On Dec. 10, 1925, the Infant Jesus and Our Lady appeared to Sister Lucia, then a Dorothean religious, in Pontevedra, Spain. Jesus said: “Have pity on the Heart of your Most Holy Mother. It is covered with thorns with which ungrateful men pierce it at every moment, and there is no one to remove them with an act of reparation.” Mary then spoke: “Do you, at least, strive to console me. Tell them that I promise to assist at the hour of death with the graces necessary for salvation all those who, in order to make reparation to me, on the First Saturday of five successive months, go to confession, receive holy Communion, say five decades of the Rosary, and keep me company for a quarter of an hour, meditating on the 15 mysteries of the Rosary.”
On May 29, 1930, Jesus explained to Sister Lucia that five offenses against Mary’s Immaculate Heart are repaired by the First Saturdays — namely, offense against her Immaculate Conception, Perpetual Virginity, Divine and Spiritual Maternity, sacred images, and the offense of those who implant indifference or hatred against the Immaculate Mother in the hearts of children.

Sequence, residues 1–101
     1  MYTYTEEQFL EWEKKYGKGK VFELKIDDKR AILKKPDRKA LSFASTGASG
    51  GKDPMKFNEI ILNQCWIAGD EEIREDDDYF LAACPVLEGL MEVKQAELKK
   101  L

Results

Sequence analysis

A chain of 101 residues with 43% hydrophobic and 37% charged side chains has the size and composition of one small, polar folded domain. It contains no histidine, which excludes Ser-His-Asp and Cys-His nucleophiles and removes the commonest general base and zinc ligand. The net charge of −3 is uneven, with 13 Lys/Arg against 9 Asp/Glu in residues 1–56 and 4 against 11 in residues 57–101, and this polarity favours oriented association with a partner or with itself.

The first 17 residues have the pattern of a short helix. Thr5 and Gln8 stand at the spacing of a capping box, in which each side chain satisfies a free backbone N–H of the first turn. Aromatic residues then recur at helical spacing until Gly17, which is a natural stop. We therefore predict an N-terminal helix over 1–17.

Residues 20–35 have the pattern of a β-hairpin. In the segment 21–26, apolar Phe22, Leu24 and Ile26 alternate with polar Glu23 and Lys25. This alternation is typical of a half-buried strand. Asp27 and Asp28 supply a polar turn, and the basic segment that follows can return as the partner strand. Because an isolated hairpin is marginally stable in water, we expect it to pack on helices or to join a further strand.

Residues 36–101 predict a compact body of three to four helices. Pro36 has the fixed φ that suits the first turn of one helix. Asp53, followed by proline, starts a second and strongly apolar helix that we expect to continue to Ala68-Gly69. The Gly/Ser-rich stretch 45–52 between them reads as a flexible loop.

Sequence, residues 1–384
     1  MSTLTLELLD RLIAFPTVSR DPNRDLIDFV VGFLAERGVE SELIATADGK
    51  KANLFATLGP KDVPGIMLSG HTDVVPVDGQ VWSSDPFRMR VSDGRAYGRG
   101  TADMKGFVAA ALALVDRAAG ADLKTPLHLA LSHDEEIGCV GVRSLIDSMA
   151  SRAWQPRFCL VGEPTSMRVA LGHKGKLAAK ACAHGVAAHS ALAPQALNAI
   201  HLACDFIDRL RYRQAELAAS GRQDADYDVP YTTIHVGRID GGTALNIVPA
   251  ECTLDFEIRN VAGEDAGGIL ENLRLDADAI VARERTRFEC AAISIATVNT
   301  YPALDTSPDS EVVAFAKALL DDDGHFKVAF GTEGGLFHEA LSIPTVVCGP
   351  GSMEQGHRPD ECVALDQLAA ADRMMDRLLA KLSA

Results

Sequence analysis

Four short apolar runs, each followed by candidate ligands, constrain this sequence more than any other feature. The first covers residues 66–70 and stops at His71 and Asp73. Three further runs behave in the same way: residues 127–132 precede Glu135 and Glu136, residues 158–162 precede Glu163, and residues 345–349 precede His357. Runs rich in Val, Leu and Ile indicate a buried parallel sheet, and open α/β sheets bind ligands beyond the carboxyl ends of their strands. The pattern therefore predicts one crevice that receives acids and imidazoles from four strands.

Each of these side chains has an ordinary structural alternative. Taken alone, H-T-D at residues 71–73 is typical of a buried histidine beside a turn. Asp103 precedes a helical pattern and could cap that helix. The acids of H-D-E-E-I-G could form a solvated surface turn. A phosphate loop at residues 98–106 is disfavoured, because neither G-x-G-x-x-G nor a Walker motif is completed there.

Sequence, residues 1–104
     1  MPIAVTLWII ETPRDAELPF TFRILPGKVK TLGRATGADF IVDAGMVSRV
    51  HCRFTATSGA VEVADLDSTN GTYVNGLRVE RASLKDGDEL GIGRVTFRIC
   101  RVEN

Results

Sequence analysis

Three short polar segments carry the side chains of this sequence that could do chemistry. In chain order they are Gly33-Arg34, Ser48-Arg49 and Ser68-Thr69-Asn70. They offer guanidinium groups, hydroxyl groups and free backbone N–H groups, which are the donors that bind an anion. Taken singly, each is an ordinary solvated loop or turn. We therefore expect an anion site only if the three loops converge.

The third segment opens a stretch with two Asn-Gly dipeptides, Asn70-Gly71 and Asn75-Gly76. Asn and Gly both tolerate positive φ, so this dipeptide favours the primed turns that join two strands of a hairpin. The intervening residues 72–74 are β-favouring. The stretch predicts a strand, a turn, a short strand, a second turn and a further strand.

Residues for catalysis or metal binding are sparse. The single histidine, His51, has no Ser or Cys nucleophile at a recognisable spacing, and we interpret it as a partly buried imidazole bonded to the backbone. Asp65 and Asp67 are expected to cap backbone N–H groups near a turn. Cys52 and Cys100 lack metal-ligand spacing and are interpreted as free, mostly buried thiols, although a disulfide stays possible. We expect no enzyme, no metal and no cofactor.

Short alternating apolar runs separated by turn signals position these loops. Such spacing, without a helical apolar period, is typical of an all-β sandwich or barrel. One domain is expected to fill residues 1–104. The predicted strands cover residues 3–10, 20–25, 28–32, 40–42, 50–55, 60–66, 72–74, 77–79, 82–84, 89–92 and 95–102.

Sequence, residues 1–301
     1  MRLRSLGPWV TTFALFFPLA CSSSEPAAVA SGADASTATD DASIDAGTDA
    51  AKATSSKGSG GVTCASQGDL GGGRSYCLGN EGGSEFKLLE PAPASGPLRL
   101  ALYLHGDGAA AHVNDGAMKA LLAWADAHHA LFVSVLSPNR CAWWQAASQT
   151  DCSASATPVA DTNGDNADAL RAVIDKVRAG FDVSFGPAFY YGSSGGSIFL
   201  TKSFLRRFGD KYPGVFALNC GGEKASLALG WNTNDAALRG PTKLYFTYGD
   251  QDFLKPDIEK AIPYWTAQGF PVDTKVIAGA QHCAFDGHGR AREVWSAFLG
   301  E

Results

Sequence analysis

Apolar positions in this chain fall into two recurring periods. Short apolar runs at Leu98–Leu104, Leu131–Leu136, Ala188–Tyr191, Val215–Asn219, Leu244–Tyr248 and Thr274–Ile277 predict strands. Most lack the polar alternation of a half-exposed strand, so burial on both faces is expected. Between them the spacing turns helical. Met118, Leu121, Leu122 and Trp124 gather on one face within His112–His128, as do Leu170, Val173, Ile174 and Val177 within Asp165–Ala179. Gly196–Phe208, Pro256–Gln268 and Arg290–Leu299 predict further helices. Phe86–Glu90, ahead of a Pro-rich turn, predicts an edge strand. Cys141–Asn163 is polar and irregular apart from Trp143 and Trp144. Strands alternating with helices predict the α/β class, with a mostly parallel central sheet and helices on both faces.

Our Lady appeared in Mexico to an Indian peasant, Juan Diego, and left her image on his tilma (cloak). During the next 10 years, there were 9 million conversions of Aztecs to the Catholic faith. A fresh spiritual vitality — centered on prayer, self-denial, chastity and the reception of the sacraments — now reigned.
On February 11, the Ever-Virgin appeared to Bernadette Soubirous in the cave of Massabielle near Lourdes, France. There would be 17 more apparitions. Our Lady identified herself as the Immaculate Conception and asked that a chapel be built there, which has become renowned as a place of healing for the sick.
There were three appearances to the children in 1916 of the “Angel of Peace,” who emphasized the importance of prayer and sacrifice, the real presence of Christ in the Blessed Sacrament and the reparation to be offered. Mary first apperad on May 13, 1917. There were six apparitions, the last October 13, during which the sun spun in the sky and then hurtled to the earth before it resumed its place. Our Lady highlighted the daily recitation of the Rosary, one’s “daily duty” and the need for reparation.